Controversy over the Fitness Gram


Photo by Anneli & Ashley Ng

On one day a year, students can expect to test their agility and strength during the annual Fitness Gram, a nationwide test of health. This census of fitness for all students through college, requires students to demonstrate their capabilities in the categories of pushups, curl ups, trunk lifts, pacers, and being able to touch fingertips with one arm over the head and one under the back. Along with this day of exercise, the Fitness Gram also mandates a height check and weigh-in to properly consider the information collected data. They use the general statistics of a person who is at the average weight and height for their age and generalize an appropriate “max”, the average for a fit person, for a certain activity. Students must voluntarily try their best to reach their own max and their limit is then compared to the statistical max to determine how fit or unfit the students are.

On Wednesday, Oct. 16, all seniors were required to do the Fitness Gram as the underclassmen took the PSAT. Though a requirement, most students had conflicting opinions on the Fitness Gram.

Some seniors disagreed on the requirement for the test, deeming them unnecessary and not an accurate test of fitness. Senior Elaine Nguyen believes it’s a waste of time and “not necessary” for high school students. While she acknowledges that the program is acceptable to require students to participate, she believes that they should “do it every other year”.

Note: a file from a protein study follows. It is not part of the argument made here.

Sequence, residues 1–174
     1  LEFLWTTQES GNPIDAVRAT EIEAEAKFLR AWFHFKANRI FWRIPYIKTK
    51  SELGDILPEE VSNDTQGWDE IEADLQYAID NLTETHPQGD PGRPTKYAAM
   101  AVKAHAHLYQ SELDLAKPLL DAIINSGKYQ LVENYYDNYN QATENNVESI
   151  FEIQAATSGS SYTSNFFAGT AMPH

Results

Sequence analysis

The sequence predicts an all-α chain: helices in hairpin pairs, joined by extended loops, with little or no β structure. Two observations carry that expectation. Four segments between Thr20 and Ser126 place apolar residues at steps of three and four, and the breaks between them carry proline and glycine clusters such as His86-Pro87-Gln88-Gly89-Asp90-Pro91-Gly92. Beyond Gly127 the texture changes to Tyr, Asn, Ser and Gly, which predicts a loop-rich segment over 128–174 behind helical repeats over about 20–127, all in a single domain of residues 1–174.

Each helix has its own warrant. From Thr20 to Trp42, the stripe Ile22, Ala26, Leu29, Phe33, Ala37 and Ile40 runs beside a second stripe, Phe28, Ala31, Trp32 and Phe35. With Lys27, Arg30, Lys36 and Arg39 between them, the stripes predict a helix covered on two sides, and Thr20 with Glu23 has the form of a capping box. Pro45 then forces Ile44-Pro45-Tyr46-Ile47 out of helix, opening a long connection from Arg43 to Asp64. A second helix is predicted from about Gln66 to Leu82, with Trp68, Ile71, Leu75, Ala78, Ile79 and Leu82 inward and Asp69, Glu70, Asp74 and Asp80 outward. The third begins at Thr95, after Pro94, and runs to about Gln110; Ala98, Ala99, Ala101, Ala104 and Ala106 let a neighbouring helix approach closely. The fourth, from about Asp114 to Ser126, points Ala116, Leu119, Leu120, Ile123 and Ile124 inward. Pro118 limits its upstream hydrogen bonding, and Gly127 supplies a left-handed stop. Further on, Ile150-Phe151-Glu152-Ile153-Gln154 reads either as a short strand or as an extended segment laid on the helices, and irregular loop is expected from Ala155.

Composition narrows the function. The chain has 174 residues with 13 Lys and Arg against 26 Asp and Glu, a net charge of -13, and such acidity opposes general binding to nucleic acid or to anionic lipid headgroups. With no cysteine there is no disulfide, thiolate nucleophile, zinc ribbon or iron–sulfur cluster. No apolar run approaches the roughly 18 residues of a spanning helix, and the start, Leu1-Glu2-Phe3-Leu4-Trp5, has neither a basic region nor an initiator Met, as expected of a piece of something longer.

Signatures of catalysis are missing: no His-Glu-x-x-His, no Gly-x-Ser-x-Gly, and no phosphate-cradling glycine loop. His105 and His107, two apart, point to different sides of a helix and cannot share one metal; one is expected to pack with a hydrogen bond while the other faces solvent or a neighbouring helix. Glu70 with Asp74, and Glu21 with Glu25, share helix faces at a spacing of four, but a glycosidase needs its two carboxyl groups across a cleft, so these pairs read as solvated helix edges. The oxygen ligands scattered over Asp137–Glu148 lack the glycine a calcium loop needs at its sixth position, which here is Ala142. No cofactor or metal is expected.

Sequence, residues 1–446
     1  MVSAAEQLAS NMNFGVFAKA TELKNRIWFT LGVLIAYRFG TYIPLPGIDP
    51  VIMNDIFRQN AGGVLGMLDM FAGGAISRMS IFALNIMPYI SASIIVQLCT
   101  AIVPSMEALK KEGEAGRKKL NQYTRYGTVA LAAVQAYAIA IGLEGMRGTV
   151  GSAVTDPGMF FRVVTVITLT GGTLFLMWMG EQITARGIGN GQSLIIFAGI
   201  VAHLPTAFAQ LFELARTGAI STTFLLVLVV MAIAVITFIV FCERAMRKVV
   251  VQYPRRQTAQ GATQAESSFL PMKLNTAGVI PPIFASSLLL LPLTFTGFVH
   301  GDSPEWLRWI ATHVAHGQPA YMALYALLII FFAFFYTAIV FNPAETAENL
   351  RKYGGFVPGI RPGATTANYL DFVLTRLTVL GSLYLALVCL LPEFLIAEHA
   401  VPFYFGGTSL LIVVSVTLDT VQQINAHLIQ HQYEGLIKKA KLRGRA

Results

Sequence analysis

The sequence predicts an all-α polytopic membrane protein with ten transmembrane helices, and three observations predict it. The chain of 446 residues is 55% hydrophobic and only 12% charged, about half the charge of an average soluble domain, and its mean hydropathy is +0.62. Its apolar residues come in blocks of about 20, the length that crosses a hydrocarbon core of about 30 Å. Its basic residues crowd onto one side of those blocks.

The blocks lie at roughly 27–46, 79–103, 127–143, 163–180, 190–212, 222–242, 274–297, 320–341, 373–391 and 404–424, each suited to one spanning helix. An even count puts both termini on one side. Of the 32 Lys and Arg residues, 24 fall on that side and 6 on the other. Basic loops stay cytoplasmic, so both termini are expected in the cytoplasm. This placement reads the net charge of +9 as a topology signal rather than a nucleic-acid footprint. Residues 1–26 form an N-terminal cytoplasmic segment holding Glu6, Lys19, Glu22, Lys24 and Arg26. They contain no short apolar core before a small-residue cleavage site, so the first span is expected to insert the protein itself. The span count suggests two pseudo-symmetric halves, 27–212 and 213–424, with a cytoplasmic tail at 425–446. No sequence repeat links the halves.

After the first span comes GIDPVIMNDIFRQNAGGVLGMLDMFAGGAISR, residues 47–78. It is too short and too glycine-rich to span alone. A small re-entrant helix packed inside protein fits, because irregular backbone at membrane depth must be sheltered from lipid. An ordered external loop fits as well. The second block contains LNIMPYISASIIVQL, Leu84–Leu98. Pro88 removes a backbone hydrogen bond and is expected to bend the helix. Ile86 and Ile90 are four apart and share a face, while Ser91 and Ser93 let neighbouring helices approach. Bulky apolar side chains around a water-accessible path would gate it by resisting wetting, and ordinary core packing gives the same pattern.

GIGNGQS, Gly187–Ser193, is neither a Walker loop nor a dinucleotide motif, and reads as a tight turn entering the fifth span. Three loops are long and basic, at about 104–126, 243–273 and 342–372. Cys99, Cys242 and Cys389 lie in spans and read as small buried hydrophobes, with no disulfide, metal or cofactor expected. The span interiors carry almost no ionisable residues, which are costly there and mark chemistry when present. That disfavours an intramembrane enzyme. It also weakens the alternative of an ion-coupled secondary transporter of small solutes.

Senior Ashley Ng, feels the test is useless because “it’s not a good measure of how physically conditioned someone is. Some students may want to go beyond the max allowed while others just opt out from the start.” She then adds that because the students that do more work and the students that purposely fail in order to stray from exercise are not accurately represented on their score cards, their true capabilities are never accounted for and thus the statistics are inaccurate and the program is “somewhat pointless.”

Another controversial aspect of the Fitness Gram is the assumed fitness level to achieve, or max. Nguyen believes that the maxes are accurate because “they are possible to achieve”. However, while those who have long become accustomed to physical exercise and athletics, others may not be able to achieve such tests without preparation.

“For the most part [the maxes are accurate], but I find every individual has different capabilities,” senior Noor Suleiman stated.

“There’s no way to have a set number for a certain age,” Ng agrees.

While an unimportant and inaccurate test to some, others believe that the program carries a good message.

“I think it’s really good because health is important and the Fitness Gram lets us evaluate where we’re at and how we need to improve [in health],” Suleiman said.